I’ve tried to make my life my statement about race, even though we’ve known since W.E.B. DuBois said it in 1914 that scientifically “race” doesn’t exist. Race is not inscribed in our genes, any more than “class” is. But the perception of race exists. People have been enslaved, imprisoned, lynched, raped, tortured, and shot because of the perception of race. People hate each other, fear each other, and make assumptions about each other based on the perception of race. I am racist because I was born White in a system of power based on the perception of race. I’m part of that system. I can’t get out; my skin is what it is, and there is nowhere on this planet untainted by that system. Therefore I choose to work on myself, to be aware and vigilant for ways I embody or absorb racist ideology, and to put the whole weight of my life into the effort to educate myself out of it and to counteract racism in every small way I can. I will always have plenty of work to do, inside and outside. Plenty of people have written about race better than I will ever be able to. But I need to begin putting a few words together, if only to join a conversation with White people about race in our lives. Anybody else is welcome to listen in, chime in, or quit reading now. Very few people read this blog, so what I’m about to say will remain secret. Despite that, I have trepidation. My grandmother told me a version of something Jeremiah Wright’s grandmother told him: “If you keep your mouth shut, you won’t ever say anything to make people think you’re stupid.” He didn’t heed his grandmother’s warning, and neither have I. Whatever it is that I’m about to say will be flawed, imperfect, inadequate, and a work in progress. So here I go. Read the rest of this entry »
Conjunction of events at the mailbox yesterday afternoon: I received a remarkable letter from a prisoner I’ve known for some years who is 42 and locked-in (in what is called Administrative Segregation or Ad Seg–spends his life literally in a cage surrounded by the din of other men locked into cages all around him); and I received my rental of Julian Schnabel’s brilliant production of The Diving Bell and the Butterfly , which is about Jean Dominique Bauby, who had “Locked-in Syndrome” (he could hear and understand everything, but he was completely paralyzed and unable to move any part of his body but his left eye) as a result of a stroke he suffered when he was 42. Read the rest of this entry »
Thanks to Hafidha, whose blog brought this amazing ten-minute argument to my attention! I haven’t heard such a powerful anti-racist statement in years. Those of you who are not in the USA may not understand the whole argument–and you don’t need to understand the whole argument. The core of what this priest says is simply obvious to anyone who looks closely at what passes for dissent in the USA: when a white person criticizes the U.S. government, it’s “criticism”; when a Black person criticizes the U.S. government, it’s “hate.” The hate-mongering Fox News interviewer is utterly out of his depth with this man, and it is a thrill to see how powerfully Father Pfleger re-frames the discussion in terms of poverty, class, race, and history, and away from the interviewer’s intention of fanning hatred, bigotry, and ignorance by means of kneejerk soft-headed opinion and out-of-context sound-bites . Father Pfleger speaks with clarity, force, and sharp intelligence. Anyone who has not seen this video, please drop everything else in your life and watch it now. Or as soon as you possibly can.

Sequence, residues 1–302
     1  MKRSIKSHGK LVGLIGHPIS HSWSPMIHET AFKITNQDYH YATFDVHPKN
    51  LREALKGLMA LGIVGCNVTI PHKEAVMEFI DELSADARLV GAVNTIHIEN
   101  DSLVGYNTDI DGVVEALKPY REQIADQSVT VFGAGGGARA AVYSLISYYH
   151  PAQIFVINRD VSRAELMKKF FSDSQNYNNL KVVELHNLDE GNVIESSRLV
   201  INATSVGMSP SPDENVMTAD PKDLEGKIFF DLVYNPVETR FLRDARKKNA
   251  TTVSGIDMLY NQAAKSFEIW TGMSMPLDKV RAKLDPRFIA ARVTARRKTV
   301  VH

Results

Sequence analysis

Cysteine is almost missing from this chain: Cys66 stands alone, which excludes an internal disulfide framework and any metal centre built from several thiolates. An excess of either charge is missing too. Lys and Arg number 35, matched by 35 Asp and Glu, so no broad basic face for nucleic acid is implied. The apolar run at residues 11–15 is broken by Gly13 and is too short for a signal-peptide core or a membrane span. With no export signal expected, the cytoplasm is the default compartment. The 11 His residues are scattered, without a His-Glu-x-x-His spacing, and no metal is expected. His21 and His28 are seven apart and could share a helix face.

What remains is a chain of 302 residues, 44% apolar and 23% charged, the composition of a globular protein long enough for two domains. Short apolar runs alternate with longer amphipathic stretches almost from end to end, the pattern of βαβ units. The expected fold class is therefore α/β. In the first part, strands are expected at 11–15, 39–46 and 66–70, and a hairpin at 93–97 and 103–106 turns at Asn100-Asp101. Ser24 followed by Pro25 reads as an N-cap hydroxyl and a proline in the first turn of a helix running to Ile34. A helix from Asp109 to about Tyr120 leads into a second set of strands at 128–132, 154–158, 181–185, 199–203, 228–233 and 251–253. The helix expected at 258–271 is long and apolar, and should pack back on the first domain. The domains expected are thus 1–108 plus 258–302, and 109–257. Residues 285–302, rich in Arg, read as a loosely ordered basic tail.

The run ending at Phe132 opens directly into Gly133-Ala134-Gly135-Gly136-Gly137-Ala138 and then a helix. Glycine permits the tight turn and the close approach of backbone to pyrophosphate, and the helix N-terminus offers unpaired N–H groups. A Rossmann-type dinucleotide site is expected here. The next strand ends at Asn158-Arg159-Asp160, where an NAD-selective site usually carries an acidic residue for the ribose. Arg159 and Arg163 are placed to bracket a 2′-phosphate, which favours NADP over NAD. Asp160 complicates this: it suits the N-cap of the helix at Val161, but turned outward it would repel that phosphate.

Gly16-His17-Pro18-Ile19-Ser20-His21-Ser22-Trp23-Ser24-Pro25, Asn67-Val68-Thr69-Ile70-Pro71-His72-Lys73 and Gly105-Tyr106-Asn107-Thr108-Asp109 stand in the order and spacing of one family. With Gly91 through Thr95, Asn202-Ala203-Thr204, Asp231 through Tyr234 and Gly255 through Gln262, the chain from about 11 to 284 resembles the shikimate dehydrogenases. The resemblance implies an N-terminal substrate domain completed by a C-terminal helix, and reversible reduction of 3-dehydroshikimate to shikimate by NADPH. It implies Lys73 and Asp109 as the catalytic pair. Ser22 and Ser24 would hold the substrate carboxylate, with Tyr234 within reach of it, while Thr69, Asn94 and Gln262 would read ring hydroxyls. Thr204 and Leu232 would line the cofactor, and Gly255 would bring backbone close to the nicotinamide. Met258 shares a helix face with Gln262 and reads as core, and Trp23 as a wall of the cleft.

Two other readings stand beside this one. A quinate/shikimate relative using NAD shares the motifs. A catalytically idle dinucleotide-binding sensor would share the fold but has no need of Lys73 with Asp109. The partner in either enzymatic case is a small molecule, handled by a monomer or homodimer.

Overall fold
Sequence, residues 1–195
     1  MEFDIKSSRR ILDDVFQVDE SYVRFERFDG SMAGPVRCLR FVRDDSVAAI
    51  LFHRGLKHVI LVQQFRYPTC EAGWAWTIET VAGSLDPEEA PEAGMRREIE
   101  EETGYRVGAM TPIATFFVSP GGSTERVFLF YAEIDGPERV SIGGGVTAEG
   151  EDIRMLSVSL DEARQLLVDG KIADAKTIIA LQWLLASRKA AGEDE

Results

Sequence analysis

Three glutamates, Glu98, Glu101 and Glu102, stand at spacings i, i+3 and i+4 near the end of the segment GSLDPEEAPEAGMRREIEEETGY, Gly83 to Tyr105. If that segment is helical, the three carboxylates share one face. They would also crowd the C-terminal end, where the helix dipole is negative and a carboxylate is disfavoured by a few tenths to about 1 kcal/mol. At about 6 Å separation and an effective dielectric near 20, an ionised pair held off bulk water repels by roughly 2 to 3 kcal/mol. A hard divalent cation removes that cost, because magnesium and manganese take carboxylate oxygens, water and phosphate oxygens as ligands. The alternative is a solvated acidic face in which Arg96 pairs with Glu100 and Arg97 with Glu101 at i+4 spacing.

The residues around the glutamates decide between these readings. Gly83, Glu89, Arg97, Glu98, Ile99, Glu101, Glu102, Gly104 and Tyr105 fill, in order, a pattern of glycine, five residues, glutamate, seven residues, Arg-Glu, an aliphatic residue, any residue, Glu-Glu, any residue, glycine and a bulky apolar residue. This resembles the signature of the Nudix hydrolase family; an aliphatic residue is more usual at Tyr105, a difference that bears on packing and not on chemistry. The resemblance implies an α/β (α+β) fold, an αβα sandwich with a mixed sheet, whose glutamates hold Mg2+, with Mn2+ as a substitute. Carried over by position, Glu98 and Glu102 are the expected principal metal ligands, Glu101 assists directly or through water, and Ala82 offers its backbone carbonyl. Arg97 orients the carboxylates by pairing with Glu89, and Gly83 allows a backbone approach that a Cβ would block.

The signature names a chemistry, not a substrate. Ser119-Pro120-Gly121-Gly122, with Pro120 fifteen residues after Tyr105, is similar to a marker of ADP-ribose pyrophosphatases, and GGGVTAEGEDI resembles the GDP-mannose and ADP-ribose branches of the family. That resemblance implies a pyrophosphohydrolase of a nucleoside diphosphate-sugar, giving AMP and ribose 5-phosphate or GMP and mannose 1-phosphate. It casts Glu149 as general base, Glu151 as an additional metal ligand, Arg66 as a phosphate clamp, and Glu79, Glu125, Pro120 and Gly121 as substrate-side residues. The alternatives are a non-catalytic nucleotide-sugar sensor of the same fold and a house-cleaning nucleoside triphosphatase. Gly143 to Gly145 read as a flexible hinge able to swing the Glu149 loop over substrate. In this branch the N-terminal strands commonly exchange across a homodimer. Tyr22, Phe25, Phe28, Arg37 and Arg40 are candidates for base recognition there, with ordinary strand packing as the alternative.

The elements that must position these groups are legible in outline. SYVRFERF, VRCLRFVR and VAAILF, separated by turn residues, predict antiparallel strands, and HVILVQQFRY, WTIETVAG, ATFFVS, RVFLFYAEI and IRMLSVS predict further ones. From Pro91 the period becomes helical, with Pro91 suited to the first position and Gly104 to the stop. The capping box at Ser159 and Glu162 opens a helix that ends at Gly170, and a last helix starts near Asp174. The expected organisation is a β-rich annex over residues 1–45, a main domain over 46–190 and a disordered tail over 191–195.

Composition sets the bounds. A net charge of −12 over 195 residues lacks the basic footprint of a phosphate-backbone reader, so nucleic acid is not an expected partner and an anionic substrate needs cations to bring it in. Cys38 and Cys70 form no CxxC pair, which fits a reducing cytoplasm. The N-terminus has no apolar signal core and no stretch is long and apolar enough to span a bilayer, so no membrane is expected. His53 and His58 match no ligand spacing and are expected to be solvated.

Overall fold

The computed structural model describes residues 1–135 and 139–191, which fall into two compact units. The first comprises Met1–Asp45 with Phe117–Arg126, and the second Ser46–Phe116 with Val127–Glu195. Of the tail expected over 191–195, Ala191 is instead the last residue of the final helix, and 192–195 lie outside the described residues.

I’ve been diddling around on the computer all day while I could have been out marching for immigration in the streets of Portland. I feel vaguely guilty for sitting on my butt, but here I am anyway, and here’s what I’ve discovered. Flickr has changed the rules. Now if you want to store more than 200 pictures, you have to pay. If you want more than three “sets,” you have to pay. I was afraid that would happen. Until now I’ve been using the blog for words, with a link to Flickr for pictures. No more free ride there. Anybody know any reliable free sites for storing photographs? On the other hand, there’s Youtube, which I sometimes forget. But what a resource! Moonbeam McQueen’s blog for today is so hilarious I had to read it three times to take it all in–especially Dennis and Vageena. And check out the birdhouse. Genius on wheels. I want her to move to Portland. And I’ve just found two really delightful new blogs. One is by Jamie, who I met in Houston just before she moved to New York state to go “homesteading” (and if you are like me and you don’t know what that means, I’ll come back to it in a minute). The other is a delightful blog by a woman the age of my firstborn son who calls herself ”Old Crone” (if she’s an old crone, what does that make me? a withered hag?). OC writes with energy and infectious delight. She posted the following ode to Aretha: Read the rest of this entry »
As all the people who have been part of my life know, I get migraines. I have chosen not to write much about them on the blog, because it’s just boring as hell to talk about, but I’ve decided to do this one post now and then shut up about it unless there is a big change. If the subject disgusts or bores you, skip this post. Read the rest of this entry »
Part of my exit from Houston involved getting rid of most of my books. The post office lost the large part of the ones I meant to keep. So I’m just home from the Friends of the Library used book sale, where for a total of $37 I got such wonders as a complete hardcover Shakespeare, an edition of Sophocles, a selection of Chekhov’s plays (in a cherry-colored hard binding published in 1935 with beautiful woodcuts by Howard Simon), Evelyn Waugh’s Brideshead, a wonderfully-designed old Max Beerbohm, Marguerite Yourcenar’s memoir, some essays, some letters, some biographies, some writers I’ve never even heard of before, and some old friends (how did I ever part with them? in which of my upheavals did I lose them?). Instantly I’m where I was when I first read them–in junior high in Hawai’i, certain I was the reincarnation of Emily Bronte; in high school with a pimpled face and immortal longings in me; as an actress in New York searching for audition monologs; as a single young mother in a rocking chair by a Louisiana bayou, my baby boy in one arm and a book in the other; as a graduate student in Texas, dreaming of a regular teaching job with health insurance and tenure. Old books are like old lovers: dear to the eyes and heart, reminders of such good times. Read the rest of this entry »